School of Education
Doctor of Philosophy in Education (PhD)
Matthew O. Ozolnieks
cognitive presence, community of inquiry, E-Learning, mathematics anxiety, social presence, teaching presence
Mathematics | Online and Distance Education
Sawhill, Toni Nicole, "A Phenomenological Study: The Lived Experience of Self-Described Math-Anxious Students Attending College Online" (2022). Doctoral Dissertations and Projects. 3398.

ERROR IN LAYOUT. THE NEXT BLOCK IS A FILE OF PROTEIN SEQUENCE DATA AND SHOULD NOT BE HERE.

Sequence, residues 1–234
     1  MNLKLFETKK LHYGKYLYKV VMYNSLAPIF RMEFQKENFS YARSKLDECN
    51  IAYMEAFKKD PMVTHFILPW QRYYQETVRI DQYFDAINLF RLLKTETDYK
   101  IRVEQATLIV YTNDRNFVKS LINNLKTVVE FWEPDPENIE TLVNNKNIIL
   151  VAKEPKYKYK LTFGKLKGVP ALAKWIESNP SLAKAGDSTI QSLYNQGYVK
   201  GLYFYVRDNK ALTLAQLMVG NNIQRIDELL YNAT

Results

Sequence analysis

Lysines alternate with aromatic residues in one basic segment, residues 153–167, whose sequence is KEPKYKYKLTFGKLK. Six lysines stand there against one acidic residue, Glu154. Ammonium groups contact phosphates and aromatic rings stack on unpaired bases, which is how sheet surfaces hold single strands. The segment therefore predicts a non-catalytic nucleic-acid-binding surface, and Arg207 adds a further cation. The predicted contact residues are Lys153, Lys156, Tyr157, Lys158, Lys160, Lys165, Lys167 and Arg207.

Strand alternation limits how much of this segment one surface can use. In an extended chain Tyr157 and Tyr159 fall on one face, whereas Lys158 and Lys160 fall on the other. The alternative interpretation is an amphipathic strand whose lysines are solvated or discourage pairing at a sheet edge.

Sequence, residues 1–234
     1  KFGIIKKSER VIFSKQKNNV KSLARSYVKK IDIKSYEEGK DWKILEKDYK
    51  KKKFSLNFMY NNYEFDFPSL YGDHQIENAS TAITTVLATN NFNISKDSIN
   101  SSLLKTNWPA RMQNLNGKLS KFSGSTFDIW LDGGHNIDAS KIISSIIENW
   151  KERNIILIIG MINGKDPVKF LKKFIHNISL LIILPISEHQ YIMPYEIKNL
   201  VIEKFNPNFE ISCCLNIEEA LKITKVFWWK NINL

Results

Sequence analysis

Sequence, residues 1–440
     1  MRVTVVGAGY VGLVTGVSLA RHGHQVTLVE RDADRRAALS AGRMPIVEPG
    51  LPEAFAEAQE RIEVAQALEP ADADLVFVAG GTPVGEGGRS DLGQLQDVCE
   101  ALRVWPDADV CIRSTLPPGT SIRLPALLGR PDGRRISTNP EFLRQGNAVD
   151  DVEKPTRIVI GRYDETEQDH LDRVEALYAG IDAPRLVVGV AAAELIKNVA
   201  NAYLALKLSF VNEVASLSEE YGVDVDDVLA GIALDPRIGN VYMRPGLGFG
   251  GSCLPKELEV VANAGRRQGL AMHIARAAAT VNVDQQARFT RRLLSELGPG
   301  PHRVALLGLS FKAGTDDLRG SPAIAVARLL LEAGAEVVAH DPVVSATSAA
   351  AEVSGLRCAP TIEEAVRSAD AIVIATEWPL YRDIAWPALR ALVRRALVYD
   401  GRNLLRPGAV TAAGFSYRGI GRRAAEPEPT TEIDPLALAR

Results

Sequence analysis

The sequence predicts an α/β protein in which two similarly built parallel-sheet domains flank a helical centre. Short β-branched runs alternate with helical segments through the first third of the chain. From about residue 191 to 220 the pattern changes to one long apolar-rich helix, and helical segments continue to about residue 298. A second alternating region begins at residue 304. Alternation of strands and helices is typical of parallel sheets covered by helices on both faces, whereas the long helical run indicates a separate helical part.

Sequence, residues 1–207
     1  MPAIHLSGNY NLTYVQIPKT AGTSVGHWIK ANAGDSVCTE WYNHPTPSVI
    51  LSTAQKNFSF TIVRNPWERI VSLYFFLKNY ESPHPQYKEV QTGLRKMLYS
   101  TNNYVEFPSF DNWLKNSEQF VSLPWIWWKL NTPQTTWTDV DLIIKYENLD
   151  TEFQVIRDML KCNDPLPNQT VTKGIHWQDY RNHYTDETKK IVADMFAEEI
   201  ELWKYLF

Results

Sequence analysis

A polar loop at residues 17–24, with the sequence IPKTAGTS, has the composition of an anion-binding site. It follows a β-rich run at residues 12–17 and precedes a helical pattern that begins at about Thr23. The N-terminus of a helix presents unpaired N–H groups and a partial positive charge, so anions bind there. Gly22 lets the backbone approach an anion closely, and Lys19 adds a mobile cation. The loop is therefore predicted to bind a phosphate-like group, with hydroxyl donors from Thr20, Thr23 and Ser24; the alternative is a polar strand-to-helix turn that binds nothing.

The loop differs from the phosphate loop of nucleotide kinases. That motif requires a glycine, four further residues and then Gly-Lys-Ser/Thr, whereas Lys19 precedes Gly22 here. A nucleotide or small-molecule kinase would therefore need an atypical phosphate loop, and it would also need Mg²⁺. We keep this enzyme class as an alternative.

The purpose of this transcendental phenomenological study is to describe the lived experience of mathematics anxiety for self-described math-anxious students who completed an undergraduate mathematics course online at a university in the Pacific Northwest part of the United States. The theory guiding this study is community of inquiry (COI) introduced by early pragmatist philosophers C. S. Peirce and John Dewey and further developed by D. Randy Garrison, Terry Anderson, and Walter Archer as mathematics anxiety is a learned behavior based on students’ experiences. This research study answers the central research question: What are the lived experiences of mathematics anxiety for self-described math-anxious college students who completed a mathematics course online? Data was collected from a purposeful, criterion sample of 10 self-described math-anxious students who have completed an online mathematics course. Data collection methods included questionnaires, individual interviews, and focus group meetings. Data analysis followed a systematic procedure that included epoche, phenomenological reduction, imaginative variation, and synthesis. Three themes emerged from this research: teaching presence, social presence, and cognitive presence. The findings revealed how self-described math-anxious students who completed an online undergraduate math class experienced math anxiety due to a lack of understanding of the concepts taught through gaps in prior knowledge or the inability to connect new concepts. Further research is needed regarding math anxiety and other factors to include (a) later in life diagnosis or misdiagnosis of conditions that challenge learning, (b) fear of asking for help, (c) social connection with other students, and (d) addressing math anxiety in the online math classroom.